It is now well-known that women are not only bearing the brunt of the pandemic as they make up 70% of the health and social care workforce, but are also disproportionately impacted by the pandemic in both the short and long run.
In this context, UNESCO participated in the first-ever G20 ministerial conference on women’s empowerment, chaired by Elena Bonetti, Italian Minister for Equal Opportunities and Family. Gender equality ministers from G20 countries and representatives from international organizations (UNESCO, UN Women, ILO, OECD), the business community, academia and civil society gathered in Santa Margherita Ligure on 26 August 2021. The historic meeting was the first of its kind, building on the numerous G20 gender equality actions over the past decade. It was both timely and critical as the COVID-19 crisis has highlighted the destructive effects of gender stereotypes on our societies, perpetuating gender inequalities and disproportionately affecting women.
Topics addressed were “STEM, financial and digital literacy, environment, and sustainability” and “Labour and economic empowerment and work-life balance”; the organization of a specific ministerial meeting dedicated to the condition of women and girls in Afghanistan; and the destructive effects of gender stereotypes on our societies, particularly as they perpetuate gender inequalities and disproportionately affect women.
Pioneering the G20’s gender equality agenda with the establishment of the Gender Target in Brisbane in 2014 and the W20 in Antalya in 2015, Gabriela Ramos, Assistant Director-General for the Social and Human Sciences Sector of UNESCO, led UNESCO’s delegation and supported Minister Bonetti’s call for immediate action.
Given the resurgence of conservative movements, the unequal impact of COVID-19 on women and girls, and recently the unfolding situation in Afghanistan, where women and girls are at risk of losing everything, she invited key stakeholders to join forces with UNESCO to improve living conditions and opportunities for Afghan women and girls. UNESCO will pursue efforts to monitor the situation of schools in the country, as part of its mandate to protect and promote human rights and access to quality education.
UNESCO will continue to support the people of Afghanistan, especially women and girls, to put human rights, education, freedom of expression and the protection of cultural heritage at the heart of a process to build peace. In joining forces, UNESCO’s networks, such as Chairs, Inclusive Cities and women and youth associations are part of the assets that can be activated to achieve our goals.
She also reminded G20 ministers that although the COVID-19 pandemic and other world crises have the power to reverse even the minimal progress made on gender equality, comprehensive frameworks and agreements exist to guide the way forward and integrate gender equality within all mainstream policies. She urged them to integrate a holistic gender dimension into economic decisions rather than relegating gender-driven policies to an afterthought in governmental agendas and stressed the importance of changing mindsets and challenging harmful gender norms and stereotypes to bring about effective and lasting change.
Among others, UNESCO’s Recommendation on the Ethics of Artificial Intelligence will be a critical instrument to help guide governments’ efforts to tackle gender biases and discrimination in the digital world and reverse trends in the digital economy. The Recommendation will be brought to UNESCO’s General Conference for approval by Member States in November this year.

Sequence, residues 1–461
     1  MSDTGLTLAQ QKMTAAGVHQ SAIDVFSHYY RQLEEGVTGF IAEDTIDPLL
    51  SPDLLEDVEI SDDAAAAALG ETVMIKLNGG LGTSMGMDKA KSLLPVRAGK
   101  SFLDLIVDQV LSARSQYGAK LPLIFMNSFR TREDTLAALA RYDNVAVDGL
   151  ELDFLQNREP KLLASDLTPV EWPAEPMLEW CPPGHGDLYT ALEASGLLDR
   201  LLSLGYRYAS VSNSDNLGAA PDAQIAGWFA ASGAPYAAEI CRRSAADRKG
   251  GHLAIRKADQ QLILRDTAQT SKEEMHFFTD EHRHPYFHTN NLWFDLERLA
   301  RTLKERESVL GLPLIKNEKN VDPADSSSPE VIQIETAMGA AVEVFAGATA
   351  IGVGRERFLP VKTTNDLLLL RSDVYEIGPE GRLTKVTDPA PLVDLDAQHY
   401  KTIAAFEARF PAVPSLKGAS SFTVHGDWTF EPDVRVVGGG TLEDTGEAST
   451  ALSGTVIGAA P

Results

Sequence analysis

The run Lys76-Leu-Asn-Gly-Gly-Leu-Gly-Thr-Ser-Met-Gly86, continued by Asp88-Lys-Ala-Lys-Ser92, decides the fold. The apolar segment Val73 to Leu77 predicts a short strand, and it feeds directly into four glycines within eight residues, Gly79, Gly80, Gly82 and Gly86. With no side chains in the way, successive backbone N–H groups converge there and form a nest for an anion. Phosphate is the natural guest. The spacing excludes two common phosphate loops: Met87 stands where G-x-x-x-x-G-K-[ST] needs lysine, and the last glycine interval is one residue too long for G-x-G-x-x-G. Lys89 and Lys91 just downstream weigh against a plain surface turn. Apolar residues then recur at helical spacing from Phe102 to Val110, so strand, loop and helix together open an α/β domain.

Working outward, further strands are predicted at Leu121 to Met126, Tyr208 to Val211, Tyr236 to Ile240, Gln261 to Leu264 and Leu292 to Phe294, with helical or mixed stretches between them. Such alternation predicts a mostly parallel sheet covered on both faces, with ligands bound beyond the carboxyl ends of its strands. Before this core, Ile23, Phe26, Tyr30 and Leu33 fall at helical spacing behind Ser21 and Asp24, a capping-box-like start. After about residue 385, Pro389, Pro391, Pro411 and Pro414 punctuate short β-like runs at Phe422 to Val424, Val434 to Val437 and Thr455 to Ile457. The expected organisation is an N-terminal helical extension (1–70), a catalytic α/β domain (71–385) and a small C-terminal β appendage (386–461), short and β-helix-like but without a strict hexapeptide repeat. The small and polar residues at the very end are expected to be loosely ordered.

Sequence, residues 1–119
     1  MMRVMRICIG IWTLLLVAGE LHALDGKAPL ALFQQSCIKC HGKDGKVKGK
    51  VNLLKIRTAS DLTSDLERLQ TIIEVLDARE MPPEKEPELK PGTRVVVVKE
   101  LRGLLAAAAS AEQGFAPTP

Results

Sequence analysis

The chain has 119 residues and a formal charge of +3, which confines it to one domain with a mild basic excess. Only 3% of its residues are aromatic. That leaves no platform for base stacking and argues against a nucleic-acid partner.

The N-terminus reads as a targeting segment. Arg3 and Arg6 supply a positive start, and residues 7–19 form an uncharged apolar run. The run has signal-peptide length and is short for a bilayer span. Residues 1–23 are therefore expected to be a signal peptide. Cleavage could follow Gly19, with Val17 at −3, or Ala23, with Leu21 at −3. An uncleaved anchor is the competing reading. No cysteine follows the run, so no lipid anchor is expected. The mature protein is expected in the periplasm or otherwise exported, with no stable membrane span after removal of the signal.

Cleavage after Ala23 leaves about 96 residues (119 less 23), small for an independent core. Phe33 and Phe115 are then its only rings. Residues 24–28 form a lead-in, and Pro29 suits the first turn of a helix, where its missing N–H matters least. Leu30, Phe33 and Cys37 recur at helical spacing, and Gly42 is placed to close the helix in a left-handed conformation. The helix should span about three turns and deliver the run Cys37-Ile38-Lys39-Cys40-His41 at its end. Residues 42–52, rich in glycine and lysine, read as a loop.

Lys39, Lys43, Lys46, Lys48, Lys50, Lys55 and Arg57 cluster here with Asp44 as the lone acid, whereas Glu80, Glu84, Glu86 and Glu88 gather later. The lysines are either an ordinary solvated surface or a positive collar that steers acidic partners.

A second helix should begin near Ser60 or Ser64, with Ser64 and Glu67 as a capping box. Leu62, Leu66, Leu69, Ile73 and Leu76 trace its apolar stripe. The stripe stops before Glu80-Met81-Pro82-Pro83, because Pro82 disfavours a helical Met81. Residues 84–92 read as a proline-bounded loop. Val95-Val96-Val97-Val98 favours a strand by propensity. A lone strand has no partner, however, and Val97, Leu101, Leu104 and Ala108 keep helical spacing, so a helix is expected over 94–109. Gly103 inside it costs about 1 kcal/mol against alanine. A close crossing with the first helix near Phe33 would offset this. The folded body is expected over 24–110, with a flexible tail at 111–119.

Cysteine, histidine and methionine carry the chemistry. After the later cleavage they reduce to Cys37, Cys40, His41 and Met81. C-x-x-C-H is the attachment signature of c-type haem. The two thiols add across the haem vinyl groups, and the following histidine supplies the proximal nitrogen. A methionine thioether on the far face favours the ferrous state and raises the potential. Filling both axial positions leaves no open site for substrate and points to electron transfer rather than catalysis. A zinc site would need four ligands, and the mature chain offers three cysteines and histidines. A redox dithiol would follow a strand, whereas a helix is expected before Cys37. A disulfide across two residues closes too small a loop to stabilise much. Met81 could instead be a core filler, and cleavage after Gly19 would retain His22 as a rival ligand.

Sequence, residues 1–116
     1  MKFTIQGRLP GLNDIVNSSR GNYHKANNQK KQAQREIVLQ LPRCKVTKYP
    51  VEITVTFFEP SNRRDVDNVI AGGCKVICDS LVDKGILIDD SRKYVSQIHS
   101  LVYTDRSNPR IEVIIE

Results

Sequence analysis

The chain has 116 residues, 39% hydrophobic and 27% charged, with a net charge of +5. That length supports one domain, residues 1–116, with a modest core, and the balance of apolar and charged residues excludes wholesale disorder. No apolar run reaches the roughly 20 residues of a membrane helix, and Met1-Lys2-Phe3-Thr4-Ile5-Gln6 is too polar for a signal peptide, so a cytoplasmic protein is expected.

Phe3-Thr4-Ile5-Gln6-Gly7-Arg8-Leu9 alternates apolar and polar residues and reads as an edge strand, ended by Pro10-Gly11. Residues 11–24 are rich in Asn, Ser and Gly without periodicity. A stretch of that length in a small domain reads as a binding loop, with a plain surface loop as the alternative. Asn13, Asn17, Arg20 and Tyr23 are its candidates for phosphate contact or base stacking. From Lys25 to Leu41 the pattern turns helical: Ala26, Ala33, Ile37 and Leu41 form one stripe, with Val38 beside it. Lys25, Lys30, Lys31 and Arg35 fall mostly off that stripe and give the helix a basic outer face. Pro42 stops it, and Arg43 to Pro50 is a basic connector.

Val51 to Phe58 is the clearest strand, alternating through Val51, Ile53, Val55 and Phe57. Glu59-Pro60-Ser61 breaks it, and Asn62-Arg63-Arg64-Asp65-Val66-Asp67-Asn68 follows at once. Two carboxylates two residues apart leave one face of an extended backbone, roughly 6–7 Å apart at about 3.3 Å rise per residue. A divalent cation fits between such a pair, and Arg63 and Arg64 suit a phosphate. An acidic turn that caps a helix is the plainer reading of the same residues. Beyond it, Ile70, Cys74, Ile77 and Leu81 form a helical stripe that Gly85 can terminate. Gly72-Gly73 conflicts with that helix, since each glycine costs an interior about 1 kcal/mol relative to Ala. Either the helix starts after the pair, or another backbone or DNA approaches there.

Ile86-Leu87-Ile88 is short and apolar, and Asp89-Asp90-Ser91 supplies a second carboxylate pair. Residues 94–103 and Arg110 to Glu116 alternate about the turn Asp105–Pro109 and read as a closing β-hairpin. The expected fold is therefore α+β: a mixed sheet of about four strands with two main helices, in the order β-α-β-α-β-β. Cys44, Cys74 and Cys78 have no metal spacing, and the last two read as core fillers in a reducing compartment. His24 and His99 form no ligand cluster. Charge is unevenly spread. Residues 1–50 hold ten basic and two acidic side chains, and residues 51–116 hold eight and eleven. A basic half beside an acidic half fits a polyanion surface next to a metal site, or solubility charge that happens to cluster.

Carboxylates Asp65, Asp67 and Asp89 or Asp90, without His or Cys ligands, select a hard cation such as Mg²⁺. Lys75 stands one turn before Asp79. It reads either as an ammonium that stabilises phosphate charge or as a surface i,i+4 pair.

Ms Ramos commended the dedication, work and leadership of the Gender equality ministers and Champions of this agenda. To further increase the impact of their efforts and meaningfully engage men for this cause, she encouraged them to organize a second gender ministerial meeting together with Ministers of Finance.
Let’s walk the talk. To achieve gender equality, we also need to engage men. This means bringing the Finance and Gender Ministers together, in the G20 context, to adopt decisive measures to advance equality. This can include gender-based budgeting; social protection systems that respond to women’s needs, and Targeted Basic Income for women in need.
Following this significant G20 milestone on women’s empowerment, UNESCO remains resolved in its commitment to women’s rights and gender-transformative policies and honored to lead the fight for gender equality alongside such innovative and engaged change-makers.
As part of the “Transforming MENtalities” Initiative, UNESCO’s Social and Human Sciences Programme — in partnership with Global MenEngage Alliance, Promundo US, the Sexual Violence Research Initiative and White Ribbon — will champion a world free of gender biases, stereotypes, violence and discrimination to help build a post-COVID-19 world where people of all genders can thrive.
UNESCO will also honor this commitment by partnering with the magazine Marie Claire and the Connecting Leaders Club on 30 September 2021 to host a “Call to Equality” whole-day event at UNESCO Headquarters in Paris. Entitled "A world turned upside down, a world to think over: How can women help invent a new world?", it will address issues of gender equality related diversity, inclusion, and violence against women and girls, in the presence of ministers, business leaders, artists and intellectuals. Several French ministers are expected to attend, including Élisabeth Moreno, Minister for Equality between Women and Men, Diversity and Equal Opportunities, Marlène Schiappa, Minister Delegate in charge of Citizenship, and Elisabeth Borne, Minister of Labour, Employment and Integration.